There can be symptoms that are not noticeable in the person who has DVT. However, the visible signs of DVT in a patient include pain in the affected area, hot flashes, changes in skin color like turning blue or reddening, swelling of the veins, which are close to the surface of your body. You can even experience an increase in the normal temperature.
Usually, the size of the blood clot defines the symptoms of pulmonary embolism and how good your heart is performing. If the person is suffering from the DVT, he would have difficulty in breathing and even experience back pain. The other symptoms can be life-threatening like a cardiogenic shock, which means the heart is no longer pumping the blood enough and hypoxemia, which means the level of oxygen in the blood is low.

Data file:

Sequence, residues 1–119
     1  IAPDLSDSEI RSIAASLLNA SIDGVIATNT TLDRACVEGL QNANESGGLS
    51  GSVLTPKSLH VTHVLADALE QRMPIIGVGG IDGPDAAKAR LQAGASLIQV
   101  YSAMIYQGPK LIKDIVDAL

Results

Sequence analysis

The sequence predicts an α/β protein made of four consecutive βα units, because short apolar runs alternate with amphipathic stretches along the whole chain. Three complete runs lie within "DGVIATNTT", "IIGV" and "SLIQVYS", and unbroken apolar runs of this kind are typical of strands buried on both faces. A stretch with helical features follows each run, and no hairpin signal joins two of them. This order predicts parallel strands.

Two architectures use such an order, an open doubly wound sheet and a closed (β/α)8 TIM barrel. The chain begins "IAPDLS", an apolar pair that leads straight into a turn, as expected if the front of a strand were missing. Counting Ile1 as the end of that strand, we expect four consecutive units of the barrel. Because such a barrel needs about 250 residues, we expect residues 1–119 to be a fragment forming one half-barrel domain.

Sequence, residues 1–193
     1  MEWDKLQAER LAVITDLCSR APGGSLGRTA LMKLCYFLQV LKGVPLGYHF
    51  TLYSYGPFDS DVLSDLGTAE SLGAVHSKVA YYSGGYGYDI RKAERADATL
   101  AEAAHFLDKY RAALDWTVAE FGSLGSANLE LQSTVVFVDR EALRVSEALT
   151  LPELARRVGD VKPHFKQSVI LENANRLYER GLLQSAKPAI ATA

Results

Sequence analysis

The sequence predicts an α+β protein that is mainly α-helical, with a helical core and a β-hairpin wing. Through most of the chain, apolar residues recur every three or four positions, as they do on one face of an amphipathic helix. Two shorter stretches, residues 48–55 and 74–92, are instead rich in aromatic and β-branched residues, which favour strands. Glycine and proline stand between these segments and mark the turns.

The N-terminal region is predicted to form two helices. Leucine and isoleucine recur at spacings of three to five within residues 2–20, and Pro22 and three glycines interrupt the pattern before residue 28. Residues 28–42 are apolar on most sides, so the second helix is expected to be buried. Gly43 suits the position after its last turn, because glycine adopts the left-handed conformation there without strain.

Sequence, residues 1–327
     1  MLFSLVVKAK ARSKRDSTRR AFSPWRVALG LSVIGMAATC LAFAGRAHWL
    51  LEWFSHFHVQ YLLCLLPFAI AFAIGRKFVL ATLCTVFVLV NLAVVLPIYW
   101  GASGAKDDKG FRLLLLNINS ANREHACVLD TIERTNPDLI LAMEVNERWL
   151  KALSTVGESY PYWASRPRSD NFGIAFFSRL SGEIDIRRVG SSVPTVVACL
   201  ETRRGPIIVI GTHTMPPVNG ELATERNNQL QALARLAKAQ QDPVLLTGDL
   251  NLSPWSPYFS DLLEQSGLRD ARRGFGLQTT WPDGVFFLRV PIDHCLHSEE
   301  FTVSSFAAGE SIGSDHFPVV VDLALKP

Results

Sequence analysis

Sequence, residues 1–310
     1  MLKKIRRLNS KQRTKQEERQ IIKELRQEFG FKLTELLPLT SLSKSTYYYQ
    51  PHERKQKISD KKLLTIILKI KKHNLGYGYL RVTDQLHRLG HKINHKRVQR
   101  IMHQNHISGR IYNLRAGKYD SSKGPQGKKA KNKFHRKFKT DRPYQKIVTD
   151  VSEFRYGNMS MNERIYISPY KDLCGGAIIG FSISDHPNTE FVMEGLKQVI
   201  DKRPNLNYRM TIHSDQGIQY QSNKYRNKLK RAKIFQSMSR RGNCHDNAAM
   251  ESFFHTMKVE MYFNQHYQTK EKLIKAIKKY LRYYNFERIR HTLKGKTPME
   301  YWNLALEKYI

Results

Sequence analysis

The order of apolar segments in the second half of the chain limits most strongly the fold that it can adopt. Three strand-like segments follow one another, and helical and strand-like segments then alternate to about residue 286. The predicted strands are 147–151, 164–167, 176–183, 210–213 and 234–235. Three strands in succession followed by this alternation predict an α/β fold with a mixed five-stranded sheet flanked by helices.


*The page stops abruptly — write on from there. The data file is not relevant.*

If you are a person who is suffering from DVT, the doctor can diagnose you through CT or ultrasound. It is also crucial for the doctor to use other medical imaging techniques like CT angiography, to point out or examine the risk of pulmonary embolism. The process includes the introduction of contrast dye into the vein to highlight the vessels carrying blood to and from your lungs. It also involves taking the X-ray images of the blood vessels when the blood is flowing through them.
If you are diagnosed with DVT, it is imperative that you should immediately start taking anti-clotting medicines to eliminate the risk of both, post-thrombotic syndrome (which is long term chronic complication and can be a result of DVT) and pulmonary embolism.
If your case is rare, there would be a specialist who has to introduce some object into your body to decrease the volume and amount of clots. This procedure involves the insertion of a catheter and using this catheter to inject medication, which dissolves the clot. The drug is injected directly in a clot, or it can also be used to break the clots mechanically.
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